As Gary LeRoux of the Association of Canadian Port Authorities and several other transportation industry stakeholders have pointed out of late, the change of leadership in Ottawa’s transport ministry is proving to be a breath of fresh air.
Jim Karygiannis, parliamentary secretary for the transport minister, provided evidence of that yesterday in an address to delegates attending a transportation outlook conference in Ottawa, hosted by the Chartered Institute of Logistics and Transport.
Karygiannis began his address by acknowledging that the importance of transportation to Canada’s economic viability it’s the country’s third largest economic sector and charged with moving more than $1 trillion worth of goods annually is sometimes forgotten.
Ottawa’s role should be to create the conditions for the transportation industry to grow and become more competitive, Karygiannis, speaking on behalf of new transport minister Tony Valeri, told delegates attending the conference.
"We will need to develop economic frameworks that give service and infrastructure providers the flexibility and the ability to grow while benefiting all users," he said. "we also need to focus more on the needs of users the shippers, the forwarders, the travellers rather than maintaining the status quo or protecting market share."
He stressed that future investment decisions and policies must deal with transportation as a system, rather than as a collection of individual modes. It was an important point in view of the fact that David Collenette, the former transport minister, was sometimes accused of playing favorites among the modes. Many of the delegates in attendance were from Transport Canada so the address also served as indication of policy direction to those entrusted with helping draft legislation.
Karygiannis said minister Valeri has identified four pillars on which future transportation policy must be built.
– a market-driven policy framework;
– a multimodal infrastructure strategy;
– an efficient and secure trade corridor policy; and
– research and development, to support transportation innovation.
A market-driven policy framework in the air sector would mean pursuing the advantages of air liberalization, Karygiannis said, as well as having an airport policy that addresses cost burdens on airport users and improves the long-term viability of airports. In the marine sector, such a policy must provide greater flexibility and more economic opportunities.
"Ports have told us that it is a challenge for them to raise capital. That they need better mechanisms to do it. We are investigating possible options," he said, adding that his government also needs to make strategic investments in key intermodal linkages and look at options for governance of federally provided marine services.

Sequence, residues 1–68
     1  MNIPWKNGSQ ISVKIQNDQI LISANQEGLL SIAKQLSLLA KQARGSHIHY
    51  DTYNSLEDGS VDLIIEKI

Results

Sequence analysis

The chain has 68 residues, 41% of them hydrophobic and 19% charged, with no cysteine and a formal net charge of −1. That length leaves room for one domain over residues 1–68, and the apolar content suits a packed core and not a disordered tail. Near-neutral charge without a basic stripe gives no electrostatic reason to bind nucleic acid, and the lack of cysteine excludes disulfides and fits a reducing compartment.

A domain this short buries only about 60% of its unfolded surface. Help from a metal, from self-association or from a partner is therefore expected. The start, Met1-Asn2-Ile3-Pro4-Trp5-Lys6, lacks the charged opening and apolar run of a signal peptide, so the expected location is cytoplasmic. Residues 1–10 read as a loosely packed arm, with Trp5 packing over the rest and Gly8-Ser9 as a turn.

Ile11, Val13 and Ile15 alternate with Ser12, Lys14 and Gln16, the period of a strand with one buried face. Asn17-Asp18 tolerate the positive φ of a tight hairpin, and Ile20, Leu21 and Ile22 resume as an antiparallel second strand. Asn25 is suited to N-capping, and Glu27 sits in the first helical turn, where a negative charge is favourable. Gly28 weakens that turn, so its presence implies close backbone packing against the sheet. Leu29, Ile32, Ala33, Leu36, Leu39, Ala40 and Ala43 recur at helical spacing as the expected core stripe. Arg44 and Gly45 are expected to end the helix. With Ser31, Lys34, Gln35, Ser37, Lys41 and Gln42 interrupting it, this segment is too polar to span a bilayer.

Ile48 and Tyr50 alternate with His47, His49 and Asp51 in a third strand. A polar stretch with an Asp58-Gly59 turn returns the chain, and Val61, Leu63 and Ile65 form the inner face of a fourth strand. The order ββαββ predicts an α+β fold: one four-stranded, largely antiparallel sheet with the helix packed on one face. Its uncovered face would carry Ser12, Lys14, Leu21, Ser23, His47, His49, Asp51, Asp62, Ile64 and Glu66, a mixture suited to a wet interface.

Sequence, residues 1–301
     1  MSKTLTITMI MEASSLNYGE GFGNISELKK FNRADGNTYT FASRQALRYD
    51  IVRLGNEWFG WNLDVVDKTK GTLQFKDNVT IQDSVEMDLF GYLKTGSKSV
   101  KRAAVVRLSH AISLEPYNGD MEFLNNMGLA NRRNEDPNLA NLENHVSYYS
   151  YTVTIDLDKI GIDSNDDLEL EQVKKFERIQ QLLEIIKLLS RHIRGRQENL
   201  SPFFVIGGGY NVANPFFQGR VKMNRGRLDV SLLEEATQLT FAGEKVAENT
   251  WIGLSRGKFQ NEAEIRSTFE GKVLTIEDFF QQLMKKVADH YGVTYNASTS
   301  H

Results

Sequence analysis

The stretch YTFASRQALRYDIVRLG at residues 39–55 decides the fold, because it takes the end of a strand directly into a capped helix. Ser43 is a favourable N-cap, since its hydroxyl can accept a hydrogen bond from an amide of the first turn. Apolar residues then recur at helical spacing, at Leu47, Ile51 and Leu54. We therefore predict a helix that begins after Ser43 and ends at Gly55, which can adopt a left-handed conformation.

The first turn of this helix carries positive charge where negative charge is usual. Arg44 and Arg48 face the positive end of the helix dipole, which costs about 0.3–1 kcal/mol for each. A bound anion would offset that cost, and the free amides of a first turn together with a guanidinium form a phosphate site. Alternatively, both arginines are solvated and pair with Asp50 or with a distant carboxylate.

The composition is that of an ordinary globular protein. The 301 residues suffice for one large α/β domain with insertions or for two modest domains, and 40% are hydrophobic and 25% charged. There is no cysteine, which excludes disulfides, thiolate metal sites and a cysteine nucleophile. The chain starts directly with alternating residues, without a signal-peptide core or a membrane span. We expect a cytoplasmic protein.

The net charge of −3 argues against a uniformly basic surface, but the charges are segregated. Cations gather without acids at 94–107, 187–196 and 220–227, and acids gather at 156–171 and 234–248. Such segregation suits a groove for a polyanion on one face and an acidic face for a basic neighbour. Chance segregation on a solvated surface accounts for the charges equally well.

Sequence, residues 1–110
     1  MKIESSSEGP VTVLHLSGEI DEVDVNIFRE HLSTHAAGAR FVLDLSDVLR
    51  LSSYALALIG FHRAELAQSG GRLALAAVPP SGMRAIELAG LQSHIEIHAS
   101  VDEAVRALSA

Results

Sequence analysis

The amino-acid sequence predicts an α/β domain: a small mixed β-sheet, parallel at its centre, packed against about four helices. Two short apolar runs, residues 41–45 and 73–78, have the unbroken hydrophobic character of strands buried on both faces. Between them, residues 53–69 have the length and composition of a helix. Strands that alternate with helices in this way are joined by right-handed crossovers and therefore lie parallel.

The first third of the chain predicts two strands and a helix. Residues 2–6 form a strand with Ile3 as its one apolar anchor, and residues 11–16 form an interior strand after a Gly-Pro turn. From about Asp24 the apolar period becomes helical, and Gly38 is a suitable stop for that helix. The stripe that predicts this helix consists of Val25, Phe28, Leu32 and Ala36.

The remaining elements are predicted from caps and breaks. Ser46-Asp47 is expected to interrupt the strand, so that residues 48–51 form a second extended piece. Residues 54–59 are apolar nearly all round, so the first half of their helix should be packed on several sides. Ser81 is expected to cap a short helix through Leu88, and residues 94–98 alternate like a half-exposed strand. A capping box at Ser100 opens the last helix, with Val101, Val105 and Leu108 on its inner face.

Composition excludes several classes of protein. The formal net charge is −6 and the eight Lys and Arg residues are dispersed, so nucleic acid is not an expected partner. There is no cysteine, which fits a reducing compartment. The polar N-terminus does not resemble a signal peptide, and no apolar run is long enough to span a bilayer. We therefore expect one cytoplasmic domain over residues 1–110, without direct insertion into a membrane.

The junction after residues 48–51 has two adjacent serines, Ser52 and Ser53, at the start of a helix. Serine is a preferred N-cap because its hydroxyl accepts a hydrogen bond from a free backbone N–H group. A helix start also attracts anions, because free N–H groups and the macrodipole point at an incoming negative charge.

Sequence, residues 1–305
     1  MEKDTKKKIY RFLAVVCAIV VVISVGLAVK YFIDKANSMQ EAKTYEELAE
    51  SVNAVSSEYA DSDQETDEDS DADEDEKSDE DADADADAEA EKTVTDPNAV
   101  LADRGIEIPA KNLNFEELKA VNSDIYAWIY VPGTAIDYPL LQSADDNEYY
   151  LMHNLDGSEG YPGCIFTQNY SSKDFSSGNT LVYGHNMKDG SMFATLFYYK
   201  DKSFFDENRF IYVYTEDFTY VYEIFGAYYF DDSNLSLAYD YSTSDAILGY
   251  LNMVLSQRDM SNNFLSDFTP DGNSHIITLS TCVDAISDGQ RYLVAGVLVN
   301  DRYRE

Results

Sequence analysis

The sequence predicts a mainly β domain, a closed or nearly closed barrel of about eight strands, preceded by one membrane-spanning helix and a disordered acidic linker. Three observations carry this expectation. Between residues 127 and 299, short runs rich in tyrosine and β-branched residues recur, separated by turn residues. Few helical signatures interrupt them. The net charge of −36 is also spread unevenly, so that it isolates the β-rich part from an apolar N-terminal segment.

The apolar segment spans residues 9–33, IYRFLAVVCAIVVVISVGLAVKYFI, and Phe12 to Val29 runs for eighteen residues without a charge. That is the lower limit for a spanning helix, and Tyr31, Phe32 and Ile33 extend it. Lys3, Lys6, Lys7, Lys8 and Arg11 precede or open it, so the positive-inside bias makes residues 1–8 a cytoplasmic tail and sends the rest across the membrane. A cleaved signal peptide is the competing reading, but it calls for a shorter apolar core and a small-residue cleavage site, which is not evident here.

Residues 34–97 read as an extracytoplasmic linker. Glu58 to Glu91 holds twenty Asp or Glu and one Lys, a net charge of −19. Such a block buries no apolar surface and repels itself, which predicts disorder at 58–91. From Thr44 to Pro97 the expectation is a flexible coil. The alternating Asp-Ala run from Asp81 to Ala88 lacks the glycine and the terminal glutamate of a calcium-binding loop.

Karygiannis stressed that Ottawa’s policy must allow the marine sector to make the most of geographic advantages, pointing out that Halifax and Vancouver, for example, have two of the world’s best deep seaports, an important advantage considering the trend towards 8,000 TEU or larger containerships. Our west coast ports are also closer to the burgeoning Asian market than U.S. ports and Halifax is closer than New York to European markets.
"And clearly we need to explore further opportunities to work jointly with our U.S. counterparts to make sure that we are using the Seaway to its maximum potential of inland navigation," he added.
Ottawa’s second pillar a multimodal infrastructure strategy — would encourage better connections between modes.
"We all recognize that a productive and competitive economy requires more coordination and integration between modes. At present, strategic alliances between modes are still the exception rather than the rule," Karygiannis said.
Ottawa’s multimodal infrastructure strategy also must ensure a "consistent, nation-wide approach to funding for transportation infrastructure, in particular our national highway system," Karygiannis said, addressing a major beef for motor carriers.
"Canada is the only G7 country without an ongoing national highway program," he acknowledged, echoing what the Canadian Trucking Alliance has been saying for years.
Karygiannis also stressed the importance of developing an efficient and secure trade border. He called for the establishment of a bi-national intelligent transportation systems architecture to ensure that different technologies at the border can work together.
And he had a lot to say about the future role of technology, making the case for increased investment in this area to support improvements in transportation productivity and competitiveness.
"We need to build more partnerships in the areas of research, technological applications and assistance in commercialization of transportation technologies and science. We need a steady flow of new ideas to advance technologies and science to support intermodal integration, improved infrastructure design, congestion management, supply chain logistics and environmental initiatives," he said.
Have your say
We won't publish or share your data